Socrates’s admonition to reflect regularly on the deeper meaning behind our decisions can feel like one more “to-do” in our 24/7 world of constant communication and demands on our time. With all these emails to answer, who’s got time to think?
Yet the truth of his words has struck at the heart of every generation’s desire to understand themselves and the world around them. Examining our lives is what gives them meaning: we see the impact of our work and the importance of our relationships. We look back on where we have been, and we imagine where the future might lead.
Our new video narrative project—Lives Explored—takes Socrates’ wisdom to heart. By sharing everyday stories of how people understand the concept of calling in their own life, we hope to energize and inspire others to do the same. Each video reveals important insights that the storyteller realized about his or her sense of vocation, thanks to this opportunity to explore and examine their own life.
Sherice saw how her childhood dreams have been fulfilled in creative ways in her adult career. Peg remembered how God had led her through decisions in the past which gave her confidence looking into her future as a retired person. Ken recognized the impact of his work as a teacher on his students. Jane realized that the new calling she felt tugging at her heart was God communicating in the same way that she experienced as a young adult.
As the Collegeville Institute Seminars continue to capture stories of calling through Lives Explored, this project is helping to illuminate the truth behind Socrates’ well-worn words. The unexamined life is not worth living, because such gems of insight and experience might remain forever buried—both for the storyteller who profits from their unearthing and for the audience who listens to learn about their own life.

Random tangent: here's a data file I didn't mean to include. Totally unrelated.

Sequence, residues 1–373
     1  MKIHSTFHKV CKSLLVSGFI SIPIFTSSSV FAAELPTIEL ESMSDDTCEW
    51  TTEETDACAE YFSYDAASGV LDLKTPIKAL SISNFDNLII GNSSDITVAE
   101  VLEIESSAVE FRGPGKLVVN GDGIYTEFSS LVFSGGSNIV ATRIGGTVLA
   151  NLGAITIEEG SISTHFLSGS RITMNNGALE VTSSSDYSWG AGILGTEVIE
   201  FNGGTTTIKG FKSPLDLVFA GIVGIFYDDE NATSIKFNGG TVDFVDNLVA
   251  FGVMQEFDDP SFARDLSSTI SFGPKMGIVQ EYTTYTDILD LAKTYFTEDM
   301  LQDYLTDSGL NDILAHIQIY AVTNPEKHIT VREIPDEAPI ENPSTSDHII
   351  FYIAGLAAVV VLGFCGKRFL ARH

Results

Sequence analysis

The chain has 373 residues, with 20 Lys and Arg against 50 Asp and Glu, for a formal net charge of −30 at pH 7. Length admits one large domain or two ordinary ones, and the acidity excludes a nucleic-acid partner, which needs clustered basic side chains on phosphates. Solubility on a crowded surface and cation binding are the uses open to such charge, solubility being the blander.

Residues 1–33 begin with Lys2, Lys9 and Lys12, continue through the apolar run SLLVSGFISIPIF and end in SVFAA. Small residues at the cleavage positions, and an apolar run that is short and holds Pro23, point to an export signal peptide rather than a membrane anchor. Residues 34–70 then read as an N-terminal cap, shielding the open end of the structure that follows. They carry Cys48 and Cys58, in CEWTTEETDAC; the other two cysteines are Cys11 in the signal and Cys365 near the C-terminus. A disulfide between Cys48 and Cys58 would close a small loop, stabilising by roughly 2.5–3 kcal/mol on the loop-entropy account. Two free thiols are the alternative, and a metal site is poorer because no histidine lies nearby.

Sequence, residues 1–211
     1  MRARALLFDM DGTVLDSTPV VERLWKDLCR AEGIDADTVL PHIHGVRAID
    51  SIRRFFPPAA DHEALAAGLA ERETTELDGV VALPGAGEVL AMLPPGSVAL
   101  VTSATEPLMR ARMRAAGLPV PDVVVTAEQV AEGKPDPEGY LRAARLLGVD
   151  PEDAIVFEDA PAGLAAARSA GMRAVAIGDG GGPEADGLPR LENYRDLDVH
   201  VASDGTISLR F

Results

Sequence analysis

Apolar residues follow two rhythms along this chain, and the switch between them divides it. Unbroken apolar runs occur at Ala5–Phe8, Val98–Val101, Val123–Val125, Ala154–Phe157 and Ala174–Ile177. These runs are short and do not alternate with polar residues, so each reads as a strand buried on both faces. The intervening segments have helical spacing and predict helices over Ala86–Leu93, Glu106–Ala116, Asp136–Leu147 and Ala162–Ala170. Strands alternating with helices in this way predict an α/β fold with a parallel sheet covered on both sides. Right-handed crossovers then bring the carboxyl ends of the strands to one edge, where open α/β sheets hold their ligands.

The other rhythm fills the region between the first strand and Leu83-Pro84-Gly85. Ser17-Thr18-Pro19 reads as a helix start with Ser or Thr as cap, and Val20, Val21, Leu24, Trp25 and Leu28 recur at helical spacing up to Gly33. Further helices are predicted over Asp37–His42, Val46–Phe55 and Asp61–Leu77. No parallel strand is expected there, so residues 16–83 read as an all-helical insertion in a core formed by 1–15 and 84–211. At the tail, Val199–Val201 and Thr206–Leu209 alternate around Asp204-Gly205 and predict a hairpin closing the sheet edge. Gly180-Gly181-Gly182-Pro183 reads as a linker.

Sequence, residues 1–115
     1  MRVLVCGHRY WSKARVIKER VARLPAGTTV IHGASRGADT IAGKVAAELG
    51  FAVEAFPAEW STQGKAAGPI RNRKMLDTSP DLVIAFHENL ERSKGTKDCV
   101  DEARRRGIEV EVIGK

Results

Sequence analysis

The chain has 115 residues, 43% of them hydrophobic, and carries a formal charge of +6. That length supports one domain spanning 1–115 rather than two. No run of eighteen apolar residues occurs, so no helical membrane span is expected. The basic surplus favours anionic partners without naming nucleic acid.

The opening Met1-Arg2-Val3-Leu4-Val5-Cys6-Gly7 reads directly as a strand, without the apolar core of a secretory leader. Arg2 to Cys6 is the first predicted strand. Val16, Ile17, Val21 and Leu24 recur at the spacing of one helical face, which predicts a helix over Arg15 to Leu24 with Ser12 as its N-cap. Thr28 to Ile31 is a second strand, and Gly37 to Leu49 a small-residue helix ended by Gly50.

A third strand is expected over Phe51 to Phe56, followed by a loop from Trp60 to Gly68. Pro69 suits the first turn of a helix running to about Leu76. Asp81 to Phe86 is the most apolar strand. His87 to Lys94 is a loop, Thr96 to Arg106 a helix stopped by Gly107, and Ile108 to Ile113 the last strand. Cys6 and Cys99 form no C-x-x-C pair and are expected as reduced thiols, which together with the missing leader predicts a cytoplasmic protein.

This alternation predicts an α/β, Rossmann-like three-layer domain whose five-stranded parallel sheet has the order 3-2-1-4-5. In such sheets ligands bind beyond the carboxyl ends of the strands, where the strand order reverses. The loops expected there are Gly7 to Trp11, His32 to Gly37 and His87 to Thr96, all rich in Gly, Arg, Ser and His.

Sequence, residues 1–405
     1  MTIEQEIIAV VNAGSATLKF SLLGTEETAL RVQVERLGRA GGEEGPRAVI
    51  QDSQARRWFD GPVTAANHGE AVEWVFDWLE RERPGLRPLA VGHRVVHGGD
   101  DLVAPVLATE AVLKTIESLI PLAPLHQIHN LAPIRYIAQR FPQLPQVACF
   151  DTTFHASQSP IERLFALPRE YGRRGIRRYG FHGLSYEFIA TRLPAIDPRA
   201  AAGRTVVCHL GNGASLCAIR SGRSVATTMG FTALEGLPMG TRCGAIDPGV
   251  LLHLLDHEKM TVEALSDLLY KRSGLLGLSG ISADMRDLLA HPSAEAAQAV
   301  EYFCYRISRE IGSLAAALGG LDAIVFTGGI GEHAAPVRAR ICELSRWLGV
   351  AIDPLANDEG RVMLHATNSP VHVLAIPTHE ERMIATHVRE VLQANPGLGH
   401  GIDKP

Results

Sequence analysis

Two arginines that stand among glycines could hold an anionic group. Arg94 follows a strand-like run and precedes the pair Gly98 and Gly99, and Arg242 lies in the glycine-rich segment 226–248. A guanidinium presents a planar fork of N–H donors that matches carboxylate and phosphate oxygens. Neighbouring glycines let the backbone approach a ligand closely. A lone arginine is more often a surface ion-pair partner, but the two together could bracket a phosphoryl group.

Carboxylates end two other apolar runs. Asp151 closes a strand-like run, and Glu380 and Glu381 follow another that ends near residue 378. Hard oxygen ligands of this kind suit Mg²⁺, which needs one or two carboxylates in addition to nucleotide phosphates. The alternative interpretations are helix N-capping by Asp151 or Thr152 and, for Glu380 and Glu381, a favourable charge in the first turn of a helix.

Our work with congregations has revealed that most Christians today struggle to articulate a sense of God’s calling in their lives. Rather than outdated or unhelpful definitions of vocation, we most often encounter an utter lack of understanding around the concept. Many people figure if they haven’t heard a booming voice from heaven, then they’ve never been called.
But if our theologies of creation and anthropology assert that we were created for relationship with our Creator, then we are each called by God—although not in the same ways and not to the same vocations. The rich diversity inherent in vocation is captured by the uniqueness of our individual stories. And the more we share stories of how God works in our lives, the more we see how diversely we called.
“Telling stories is as basic to human beings as eating,” writes philosopher Richard Kearny in his book, On Stories. “Only when haphazard happenings are transformed into story, and thus made memorable over time, do we become full agents of our history.” Story-telling is an empowering practice for vocational discernment. As we share our stories and listen to the words of others, our ears become attuned to God’s Word speaking among us today.
Take a moment to view one of our short video clips on vocation.
What part of the story connects with your own experience and invites you to examine your life more closely?